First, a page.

Therefore, organisms from a single-celled bacteria to the largest of the dinosaurs leave behind carbon-based remains. Carbon dating is based upon the decay of 14C, a radioactive isotope of carbon with a relatively long half-life years.
While 12C is the most abundant carbon isotope, there is a close to constant carbon dating math problem of 12C to 14C in the environment, and hence in the molecules, cells, and tissues of living organisms. Returning to our example of carbon, knowing that the half-life of 14C is years, we can use this to find the constant, k. The half-life for 14C is approximately years, therefore the 14C isotope is only useful for dating fossils up to about 50, years old.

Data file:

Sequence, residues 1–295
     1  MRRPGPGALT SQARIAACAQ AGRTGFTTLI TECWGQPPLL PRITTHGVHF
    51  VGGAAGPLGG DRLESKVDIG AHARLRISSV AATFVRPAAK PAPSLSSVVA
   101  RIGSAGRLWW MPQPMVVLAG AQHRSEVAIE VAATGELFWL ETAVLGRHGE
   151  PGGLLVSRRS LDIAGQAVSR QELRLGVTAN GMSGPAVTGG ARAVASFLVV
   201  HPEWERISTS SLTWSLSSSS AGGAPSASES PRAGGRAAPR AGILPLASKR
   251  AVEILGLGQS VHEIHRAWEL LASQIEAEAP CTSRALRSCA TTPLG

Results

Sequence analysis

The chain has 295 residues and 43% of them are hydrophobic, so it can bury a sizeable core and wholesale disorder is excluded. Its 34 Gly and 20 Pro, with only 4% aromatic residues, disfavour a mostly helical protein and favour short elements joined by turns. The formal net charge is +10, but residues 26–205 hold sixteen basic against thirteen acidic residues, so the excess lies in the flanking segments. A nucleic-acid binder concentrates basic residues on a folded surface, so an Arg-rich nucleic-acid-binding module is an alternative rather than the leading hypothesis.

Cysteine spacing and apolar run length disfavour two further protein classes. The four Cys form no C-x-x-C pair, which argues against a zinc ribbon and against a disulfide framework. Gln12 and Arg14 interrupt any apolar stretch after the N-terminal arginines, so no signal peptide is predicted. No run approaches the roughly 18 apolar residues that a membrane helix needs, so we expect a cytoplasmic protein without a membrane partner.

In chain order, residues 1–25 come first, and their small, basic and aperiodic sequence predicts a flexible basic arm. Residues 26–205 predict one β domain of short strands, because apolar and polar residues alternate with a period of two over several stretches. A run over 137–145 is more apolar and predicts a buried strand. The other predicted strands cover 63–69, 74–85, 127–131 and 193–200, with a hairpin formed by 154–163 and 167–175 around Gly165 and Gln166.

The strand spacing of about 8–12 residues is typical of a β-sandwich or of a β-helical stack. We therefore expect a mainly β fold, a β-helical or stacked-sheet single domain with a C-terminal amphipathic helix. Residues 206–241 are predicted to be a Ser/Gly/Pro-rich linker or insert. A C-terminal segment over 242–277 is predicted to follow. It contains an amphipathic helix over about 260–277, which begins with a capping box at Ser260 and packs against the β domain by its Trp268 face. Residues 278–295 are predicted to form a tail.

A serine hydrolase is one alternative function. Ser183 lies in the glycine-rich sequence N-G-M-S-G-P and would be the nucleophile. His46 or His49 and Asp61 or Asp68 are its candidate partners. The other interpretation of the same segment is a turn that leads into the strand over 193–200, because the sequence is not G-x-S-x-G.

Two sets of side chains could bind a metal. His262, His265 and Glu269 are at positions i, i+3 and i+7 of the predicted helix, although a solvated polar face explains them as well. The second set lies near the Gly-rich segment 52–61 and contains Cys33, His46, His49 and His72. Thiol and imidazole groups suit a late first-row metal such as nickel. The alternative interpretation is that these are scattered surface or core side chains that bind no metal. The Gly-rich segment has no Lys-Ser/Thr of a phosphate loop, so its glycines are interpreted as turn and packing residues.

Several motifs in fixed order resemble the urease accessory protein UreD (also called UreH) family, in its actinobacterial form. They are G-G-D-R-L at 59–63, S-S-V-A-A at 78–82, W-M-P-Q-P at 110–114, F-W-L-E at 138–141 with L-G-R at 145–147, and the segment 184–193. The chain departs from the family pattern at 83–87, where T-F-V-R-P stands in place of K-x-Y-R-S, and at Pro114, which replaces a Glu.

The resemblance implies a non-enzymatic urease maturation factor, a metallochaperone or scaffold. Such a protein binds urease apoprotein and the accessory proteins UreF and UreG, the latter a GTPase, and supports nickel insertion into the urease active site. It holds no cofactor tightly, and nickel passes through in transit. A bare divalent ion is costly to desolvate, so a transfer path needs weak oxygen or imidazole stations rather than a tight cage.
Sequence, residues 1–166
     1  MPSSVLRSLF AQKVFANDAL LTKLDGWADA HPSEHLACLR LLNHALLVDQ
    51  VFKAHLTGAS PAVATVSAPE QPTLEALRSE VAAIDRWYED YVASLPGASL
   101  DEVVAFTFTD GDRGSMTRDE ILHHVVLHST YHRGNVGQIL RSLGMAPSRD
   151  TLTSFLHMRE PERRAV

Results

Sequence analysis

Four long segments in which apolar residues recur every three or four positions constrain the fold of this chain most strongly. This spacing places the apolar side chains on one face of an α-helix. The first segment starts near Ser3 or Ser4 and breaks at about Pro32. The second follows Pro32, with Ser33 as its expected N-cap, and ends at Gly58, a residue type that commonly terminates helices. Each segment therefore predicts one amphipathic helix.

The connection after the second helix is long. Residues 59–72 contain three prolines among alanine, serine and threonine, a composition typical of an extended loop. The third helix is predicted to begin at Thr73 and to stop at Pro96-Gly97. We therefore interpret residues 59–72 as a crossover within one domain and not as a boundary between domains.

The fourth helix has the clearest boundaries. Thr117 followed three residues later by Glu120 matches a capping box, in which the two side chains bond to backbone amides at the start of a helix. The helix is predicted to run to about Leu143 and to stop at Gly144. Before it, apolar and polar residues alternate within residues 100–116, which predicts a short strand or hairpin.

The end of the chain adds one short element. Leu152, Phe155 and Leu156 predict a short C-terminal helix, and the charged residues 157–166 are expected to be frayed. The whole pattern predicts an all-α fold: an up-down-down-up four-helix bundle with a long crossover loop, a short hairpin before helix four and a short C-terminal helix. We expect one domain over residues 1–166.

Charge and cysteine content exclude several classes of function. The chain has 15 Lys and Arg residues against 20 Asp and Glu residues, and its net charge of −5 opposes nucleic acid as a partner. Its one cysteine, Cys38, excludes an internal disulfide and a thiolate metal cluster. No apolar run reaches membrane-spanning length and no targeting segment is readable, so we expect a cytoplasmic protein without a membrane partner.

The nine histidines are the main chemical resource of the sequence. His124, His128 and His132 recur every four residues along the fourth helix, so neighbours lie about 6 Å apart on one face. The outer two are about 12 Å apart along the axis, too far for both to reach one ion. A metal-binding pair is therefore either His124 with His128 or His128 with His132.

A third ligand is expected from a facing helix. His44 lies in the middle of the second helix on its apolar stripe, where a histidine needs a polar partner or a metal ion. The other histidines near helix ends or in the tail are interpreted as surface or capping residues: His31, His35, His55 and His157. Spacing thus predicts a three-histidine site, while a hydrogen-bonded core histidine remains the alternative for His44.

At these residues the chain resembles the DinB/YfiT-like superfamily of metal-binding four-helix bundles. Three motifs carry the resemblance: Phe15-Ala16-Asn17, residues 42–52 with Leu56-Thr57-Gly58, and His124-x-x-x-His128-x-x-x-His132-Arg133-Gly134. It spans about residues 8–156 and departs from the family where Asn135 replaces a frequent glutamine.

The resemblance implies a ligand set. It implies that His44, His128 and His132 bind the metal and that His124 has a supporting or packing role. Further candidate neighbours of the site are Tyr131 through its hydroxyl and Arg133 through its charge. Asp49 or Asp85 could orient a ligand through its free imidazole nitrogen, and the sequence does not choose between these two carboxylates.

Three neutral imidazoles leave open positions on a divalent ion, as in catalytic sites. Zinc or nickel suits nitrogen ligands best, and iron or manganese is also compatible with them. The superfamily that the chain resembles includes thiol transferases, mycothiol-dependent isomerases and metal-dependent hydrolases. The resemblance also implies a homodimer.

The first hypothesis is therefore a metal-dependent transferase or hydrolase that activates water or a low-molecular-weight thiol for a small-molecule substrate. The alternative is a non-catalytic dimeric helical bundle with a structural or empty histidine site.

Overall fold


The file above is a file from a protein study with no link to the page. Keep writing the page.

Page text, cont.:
Uses worked examples of radioactive decay to demonstrate the reasoning and Carbon-dating evaluates the ratio of radioactive carbon to stable carbon or have it programmed into your equipment, but this is math, not "real life". I do not get the − value, but perhaps my answer will help anyway. If we assume Carbon decays continuously, then C(t)=C0e−kt. Hey, did you know that YOU are radioactive? You've got this stuff in you called Carbon It comes from cosmic rays that rain down on the earth (and us) from .